• Which CYP enzymes mediate their metabolism? This information is listed in Table 6.9 and can be used to predict CYP enzyme-mediated drug-drug interactions in which the antidepressant is the target rather than the cause of the interaction.
  • Some antidepressants (eg, nefazodone) are converted into metabolites with clinically important effects.103,139
  • Difference in half-lives of the various antidepressants.103,176 This issue is arguably the single most important pharmacokinetic difference among antidepressants beyond their effect on CYP enzymes.
TABLE 6.9 — Effect of Cytochrome P450 Enzymes on Specific Drugs (ie, Metabolism)
CYP 1A2  
Antidepressants Amitriptyline, clomipramine, imipramine
Antipsychotics Clozapine,* olanzapine,* thioridazine*
-Blockers Propanolol
Opiates Methadone*
Miscellaneous Caffeine,* paracetamol, tacrine,* theophylline,* R-warfarin*
CYP 2C9/10  
Miscellaneous Phenytoin,* S-warfarin,* tolbutamide*
CYP 2C19  
Antidepressants Citalopram,* clomipramine, imipramine
Barbiturates Hexobarbital, mephobarbital, S-mephenytoin*
-Blockers Propranolol
Benzodiazepines Diazepam
CYP 2D6  
Antiarrhythmics Encainide,* flecainide,* mexiletine, propafenone
Antipsychotics Haloperidol (minor), molindone, perphenazine,* risperidone,* thioridazine (minor)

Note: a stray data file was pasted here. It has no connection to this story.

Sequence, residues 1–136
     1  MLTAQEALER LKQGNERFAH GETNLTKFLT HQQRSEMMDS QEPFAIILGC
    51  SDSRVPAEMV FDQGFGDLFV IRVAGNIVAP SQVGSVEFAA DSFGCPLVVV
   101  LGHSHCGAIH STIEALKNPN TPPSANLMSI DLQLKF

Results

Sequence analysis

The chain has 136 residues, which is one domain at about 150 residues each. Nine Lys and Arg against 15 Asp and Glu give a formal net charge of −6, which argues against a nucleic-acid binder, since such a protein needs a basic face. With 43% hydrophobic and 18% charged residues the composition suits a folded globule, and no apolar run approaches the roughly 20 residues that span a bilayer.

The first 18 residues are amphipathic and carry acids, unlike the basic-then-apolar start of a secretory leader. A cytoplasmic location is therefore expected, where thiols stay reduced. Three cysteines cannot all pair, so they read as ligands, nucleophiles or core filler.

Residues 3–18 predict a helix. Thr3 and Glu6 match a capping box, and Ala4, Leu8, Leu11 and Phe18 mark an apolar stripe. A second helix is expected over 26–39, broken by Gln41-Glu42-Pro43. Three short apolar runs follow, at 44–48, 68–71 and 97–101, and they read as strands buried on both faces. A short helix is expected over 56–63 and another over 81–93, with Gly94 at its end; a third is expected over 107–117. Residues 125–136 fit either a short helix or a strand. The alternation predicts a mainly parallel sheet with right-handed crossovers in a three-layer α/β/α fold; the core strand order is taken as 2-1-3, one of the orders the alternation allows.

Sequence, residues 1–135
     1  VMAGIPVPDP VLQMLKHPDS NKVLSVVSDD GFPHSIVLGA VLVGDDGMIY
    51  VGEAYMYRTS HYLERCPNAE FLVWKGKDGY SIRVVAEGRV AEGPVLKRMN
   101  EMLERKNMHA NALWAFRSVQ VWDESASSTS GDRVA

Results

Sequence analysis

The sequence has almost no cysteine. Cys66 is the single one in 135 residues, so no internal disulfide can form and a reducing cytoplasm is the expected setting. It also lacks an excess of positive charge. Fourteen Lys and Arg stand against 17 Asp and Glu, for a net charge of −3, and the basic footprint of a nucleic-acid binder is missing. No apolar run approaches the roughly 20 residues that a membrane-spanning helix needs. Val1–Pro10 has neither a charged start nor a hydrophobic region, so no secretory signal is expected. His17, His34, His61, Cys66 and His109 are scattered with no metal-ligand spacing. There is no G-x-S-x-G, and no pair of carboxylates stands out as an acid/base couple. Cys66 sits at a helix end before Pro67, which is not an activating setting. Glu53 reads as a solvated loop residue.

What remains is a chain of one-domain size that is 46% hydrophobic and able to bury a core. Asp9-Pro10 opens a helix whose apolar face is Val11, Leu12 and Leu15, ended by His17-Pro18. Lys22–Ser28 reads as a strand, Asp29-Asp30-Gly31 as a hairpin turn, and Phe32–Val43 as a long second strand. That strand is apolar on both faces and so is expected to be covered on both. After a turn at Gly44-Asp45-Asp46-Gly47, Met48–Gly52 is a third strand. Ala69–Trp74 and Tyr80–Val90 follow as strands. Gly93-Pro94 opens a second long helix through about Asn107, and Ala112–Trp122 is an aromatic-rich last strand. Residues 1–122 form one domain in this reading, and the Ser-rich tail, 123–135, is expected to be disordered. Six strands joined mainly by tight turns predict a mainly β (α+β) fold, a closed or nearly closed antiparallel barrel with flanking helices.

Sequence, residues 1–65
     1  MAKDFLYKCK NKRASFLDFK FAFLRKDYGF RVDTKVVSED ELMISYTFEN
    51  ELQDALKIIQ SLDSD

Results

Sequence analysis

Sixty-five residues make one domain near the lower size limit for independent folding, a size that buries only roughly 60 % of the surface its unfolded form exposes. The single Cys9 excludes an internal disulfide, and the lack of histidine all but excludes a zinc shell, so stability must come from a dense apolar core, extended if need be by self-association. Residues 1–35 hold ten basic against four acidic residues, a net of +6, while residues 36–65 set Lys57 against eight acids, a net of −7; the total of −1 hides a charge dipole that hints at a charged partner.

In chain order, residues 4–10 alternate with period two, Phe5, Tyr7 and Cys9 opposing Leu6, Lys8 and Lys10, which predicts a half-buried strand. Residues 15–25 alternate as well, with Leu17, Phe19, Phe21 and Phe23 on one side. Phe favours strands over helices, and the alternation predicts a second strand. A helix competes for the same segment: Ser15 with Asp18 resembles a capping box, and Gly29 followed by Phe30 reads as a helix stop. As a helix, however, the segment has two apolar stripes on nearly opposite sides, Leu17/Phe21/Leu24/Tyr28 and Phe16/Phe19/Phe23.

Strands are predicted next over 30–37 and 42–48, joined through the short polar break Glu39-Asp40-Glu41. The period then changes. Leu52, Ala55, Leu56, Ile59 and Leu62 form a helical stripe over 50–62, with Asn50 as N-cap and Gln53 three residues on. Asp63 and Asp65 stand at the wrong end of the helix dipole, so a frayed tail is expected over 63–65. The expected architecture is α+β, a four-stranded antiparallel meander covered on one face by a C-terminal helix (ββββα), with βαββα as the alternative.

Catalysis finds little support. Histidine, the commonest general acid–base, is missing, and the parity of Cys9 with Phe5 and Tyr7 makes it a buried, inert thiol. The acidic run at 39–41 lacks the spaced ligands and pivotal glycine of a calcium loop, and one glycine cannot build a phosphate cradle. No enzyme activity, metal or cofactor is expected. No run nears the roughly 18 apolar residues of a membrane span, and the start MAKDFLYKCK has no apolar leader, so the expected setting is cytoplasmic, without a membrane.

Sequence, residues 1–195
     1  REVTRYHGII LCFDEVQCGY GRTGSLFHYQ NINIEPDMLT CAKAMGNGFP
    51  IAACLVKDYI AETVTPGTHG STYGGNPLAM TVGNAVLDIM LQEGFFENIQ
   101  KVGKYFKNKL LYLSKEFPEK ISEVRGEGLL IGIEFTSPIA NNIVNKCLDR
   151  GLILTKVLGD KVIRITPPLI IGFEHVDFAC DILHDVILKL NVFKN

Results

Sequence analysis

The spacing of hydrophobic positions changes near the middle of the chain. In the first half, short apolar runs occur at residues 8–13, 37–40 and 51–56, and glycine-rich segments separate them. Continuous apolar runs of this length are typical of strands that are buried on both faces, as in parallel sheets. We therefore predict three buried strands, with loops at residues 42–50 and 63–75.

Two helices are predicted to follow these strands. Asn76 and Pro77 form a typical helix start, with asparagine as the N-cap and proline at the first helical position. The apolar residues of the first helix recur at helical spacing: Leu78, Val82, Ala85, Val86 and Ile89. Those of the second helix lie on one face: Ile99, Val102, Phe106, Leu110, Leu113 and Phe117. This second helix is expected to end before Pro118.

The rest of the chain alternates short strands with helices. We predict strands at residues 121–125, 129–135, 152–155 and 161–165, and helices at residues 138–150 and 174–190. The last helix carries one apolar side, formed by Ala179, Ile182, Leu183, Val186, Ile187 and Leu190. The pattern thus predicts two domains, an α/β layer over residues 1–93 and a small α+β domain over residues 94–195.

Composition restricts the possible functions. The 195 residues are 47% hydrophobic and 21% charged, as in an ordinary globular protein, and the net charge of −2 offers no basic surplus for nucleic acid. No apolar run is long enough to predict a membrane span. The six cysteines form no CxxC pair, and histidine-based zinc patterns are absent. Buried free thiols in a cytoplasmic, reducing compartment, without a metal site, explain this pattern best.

-Blockers Alprenolol, bufuralol, metoprolol,* propranolol, timolol
Miscellaneous Debrisoquine,* 4-hydroxyamphetamine, perhexiline,* phenformin, sparteine*
Opiates Codeine,* dextromethorphan,* ethylmorphine
SSRIs Fluoxetine, N-desmethylcitalopram, paroxetine*
TCAs Amitriptyline,* clomipramine,* desipramine,* imipramine,* N-desmethylclomipramine
Other antidepressants Venlafaxine,* mCPP metabolite of nefazodone* and trazodone*
CYP 3A3/4  
Analgesics Acetaminophen, alfentanil
Antiarrhythmics Amiodarone, disopyramide, lidocaine, propafenone, quinidine
Anticonvulsants Carbamazepine,* ethosuximide
Antidepressants Amitriptyline, clomipramine, imipramine, nefazodone,* sertraline,* O-desmethylvenlafaxine*
CYP 3A3/4  
Antiestrogens Docetaxel, paclitaxel, tamoxifen*
Antihistamines Astemizole,* loratadine,* terfenadine*
Antipsychotics Quetiapine,* clozapine
Benzodiazepines Alprazolam,* clonazepam, diazepam, midazolam,* triazolam*